“We take great pride in these results and know that maintaining them will take a sustained effort. We will continue to work to reduce water pollution to keep our bathing waters clean and safe.

“I am delighted to see that Ballyholme has moved from “Poor” to “Sufficient” for the first time since 2016. This is excellent news and is most likely the result of the extensive work we have carried out with NI Water, in both catchment improvements and on the sewerage infrastructure upgrades in Bangor.

“Our beaches are a priceless resource to tourism and to the health and well-being of our local communities and visitors alike. It is imperative that we continue to strive for the very highest of standards,” added Mr Small.

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NI Water Welcomes Bathing Water Quality Results  

NI Water has attended this year’s Better Beaches Forum held at Lisburn where it was announced that all 26 beaches tested have met the European standards for bathing water quality.

Angela Halpenny, NI Water’s Head of Environmental Regulation comments, “Protecting the  environment is an important part of our business and we play a key role in delivering 570 million litres of drinking water and collecting and treating 340 million litres of wastewater every day.

 “NI Water is delighted to hear that all 26 designated bathing waters in NI have passed in 2018 and is proud of our role in helping achieve this.

 “Delivery of recent sewer network investments worth around £11.5 million in the Bangor area have undoubtedly contributed to ensuring the bathing water in this area is no longer of poor quality.

 “We cannot become complacent however; we must continue to push forward with further investment to ensure continued improvements are made. Our business is essential to support a thriving population, a growing economy and a flourishing environment.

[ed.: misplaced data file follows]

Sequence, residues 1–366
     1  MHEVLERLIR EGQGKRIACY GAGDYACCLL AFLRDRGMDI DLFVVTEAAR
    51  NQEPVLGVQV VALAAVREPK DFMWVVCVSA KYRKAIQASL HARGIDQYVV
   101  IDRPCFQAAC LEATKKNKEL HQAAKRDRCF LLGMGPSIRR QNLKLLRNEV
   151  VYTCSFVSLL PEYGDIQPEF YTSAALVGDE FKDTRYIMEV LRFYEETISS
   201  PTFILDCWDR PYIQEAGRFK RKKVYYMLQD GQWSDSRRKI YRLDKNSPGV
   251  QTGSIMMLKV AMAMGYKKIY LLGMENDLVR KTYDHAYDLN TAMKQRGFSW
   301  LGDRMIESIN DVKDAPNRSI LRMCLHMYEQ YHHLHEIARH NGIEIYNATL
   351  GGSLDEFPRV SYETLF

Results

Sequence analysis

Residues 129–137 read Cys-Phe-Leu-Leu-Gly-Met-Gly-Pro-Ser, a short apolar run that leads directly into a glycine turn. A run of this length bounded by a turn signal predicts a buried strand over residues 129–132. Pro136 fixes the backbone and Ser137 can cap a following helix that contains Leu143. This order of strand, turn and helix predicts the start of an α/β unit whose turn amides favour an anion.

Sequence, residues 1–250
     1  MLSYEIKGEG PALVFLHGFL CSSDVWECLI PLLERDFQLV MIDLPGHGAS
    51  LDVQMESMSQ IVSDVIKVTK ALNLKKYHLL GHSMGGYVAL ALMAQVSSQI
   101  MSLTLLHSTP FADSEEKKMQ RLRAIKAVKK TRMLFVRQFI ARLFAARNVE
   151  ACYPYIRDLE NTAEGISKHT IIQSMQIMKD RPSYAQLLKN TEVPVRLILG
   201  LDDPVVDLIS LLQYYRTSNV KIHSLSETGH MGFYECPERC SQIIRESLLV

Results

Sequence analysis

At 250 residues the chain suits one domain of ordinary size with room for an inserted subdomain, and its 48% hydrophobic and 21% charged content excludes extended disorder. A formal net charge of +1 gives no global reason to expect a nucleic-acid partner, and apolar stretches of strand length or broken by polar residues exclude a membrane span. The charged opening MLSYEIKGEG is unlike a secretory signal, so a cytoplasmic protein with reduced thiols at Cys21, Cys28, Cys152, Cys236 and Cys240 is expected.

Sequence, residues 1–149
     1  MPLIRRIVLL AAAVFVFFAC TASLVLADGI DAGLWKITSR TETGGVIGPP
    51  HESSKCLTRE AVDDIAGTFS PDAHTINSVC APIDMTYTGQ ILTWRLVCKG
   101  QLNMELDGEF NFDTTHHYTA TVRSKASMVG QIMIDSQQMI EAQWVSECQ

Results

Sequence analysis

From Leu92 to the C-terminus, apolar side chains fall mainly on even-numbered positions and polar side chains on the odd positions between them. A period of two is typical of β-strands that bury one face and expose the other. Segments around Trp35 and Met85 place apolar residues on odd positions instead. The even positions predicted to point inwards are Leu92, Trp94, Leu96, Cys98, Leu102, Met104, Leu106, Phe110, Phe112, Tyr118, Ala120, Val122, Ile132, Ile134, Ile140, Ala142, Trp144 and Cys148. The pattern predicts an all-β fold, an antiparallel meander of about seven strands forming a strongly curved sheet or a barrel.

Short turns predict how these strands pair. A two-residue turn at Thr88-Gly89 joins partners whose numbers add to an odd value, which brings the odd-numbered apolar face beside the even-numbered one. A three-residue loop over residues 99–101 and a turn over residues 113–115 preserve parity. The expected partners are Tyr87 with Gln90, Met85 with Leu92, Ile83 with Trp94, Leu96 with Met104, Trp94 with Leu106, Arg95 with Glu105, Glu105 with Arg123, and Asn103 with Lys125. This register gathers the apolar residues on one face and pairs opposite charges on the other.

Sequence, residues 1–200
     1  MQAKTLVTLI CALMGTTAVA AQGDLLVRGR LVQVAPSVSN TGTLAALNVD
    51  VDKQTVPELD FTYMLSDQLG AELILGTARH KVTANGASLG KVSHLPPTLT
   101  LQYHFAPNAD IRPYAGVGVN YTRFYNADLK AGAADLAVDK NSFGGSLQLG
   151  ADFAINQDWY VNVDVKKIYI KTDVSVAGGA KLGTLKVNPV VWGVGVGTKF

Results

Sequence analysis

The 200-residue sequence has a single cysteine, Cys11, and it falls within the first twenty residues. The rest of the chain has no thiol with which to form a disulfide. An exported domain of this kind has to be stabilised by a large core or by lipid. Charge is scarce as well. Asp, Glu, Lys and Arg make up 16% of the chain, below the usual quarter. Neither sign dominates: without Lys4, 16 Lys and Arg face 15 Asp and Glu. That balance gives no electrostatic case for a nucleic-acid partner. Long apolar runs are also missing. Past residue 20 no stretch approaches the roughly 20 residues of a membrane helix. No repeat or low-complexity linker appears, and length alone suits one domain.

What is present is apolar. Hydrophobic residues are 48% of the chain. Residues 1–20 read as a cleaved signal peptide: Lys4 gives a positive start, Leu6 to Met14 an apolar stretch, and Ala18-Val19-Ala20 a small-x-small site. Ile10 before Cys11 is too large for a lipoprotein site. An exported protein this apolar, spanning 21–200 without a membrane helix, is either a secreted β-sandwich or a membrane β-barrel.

“To continue to do so however, we must be adequately funded. NI Water is not immune from public expenditure cuts and uncertainty over funding. This places progress on efficiencies at risk and could result in tangible impacts on service delivery, the local economy and the environment.

Angela continued, “The public also has a key role to play by respecting our sewer network and disposing of bathroom waste in rubbish bins, not down the toilet.  Inappropriate items being flushed down the toilet often make their way through the system and onto our beaches or cause serious blockages.

 “Wastewater treatment works and sewerage systems are not designed to deal with items such as wipes, cotton buds and sanitary items.   The advice is simple – ‘Bin it, don’t flush it.’ ”

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The results are:

Excellent Quality.

Magilligan (Benone)

  • Magilligan (Downhill, Castlerock, Portstewart, Portrush Mill – (West), Portrush Whiterock, Portballintraem, Ballycastle, Helen’s Bay, Groomsport, Millisle, Kilclief, Ballyhornan, Tyrella, Murlough County Down, Cranfield Bay. 

Good Quality.

  • Ballygally, Brown’s Bay, Crawfordsburn, Carnlough, Portrush Curran (East), Cloughey.

Sufficient Quality.

  • Waterfoot. Ballywalter, Ballyholme, Newcastle,

The results were announced at the Better Beaches Forum whose members include DAERA, NI Water, coastal local authorities, Keep Northern Ireland Beautiful, the National Trust, Surfers Against Sewage and some coastal community groups.

The Forum works to improve water quality, improve beach cleanliness, manage facilities and keep the public better informed.

The published 2018 Bathing Water Compliance results are available at:

https://www.daera-ni.gov.uk/articles/bathing-water-quality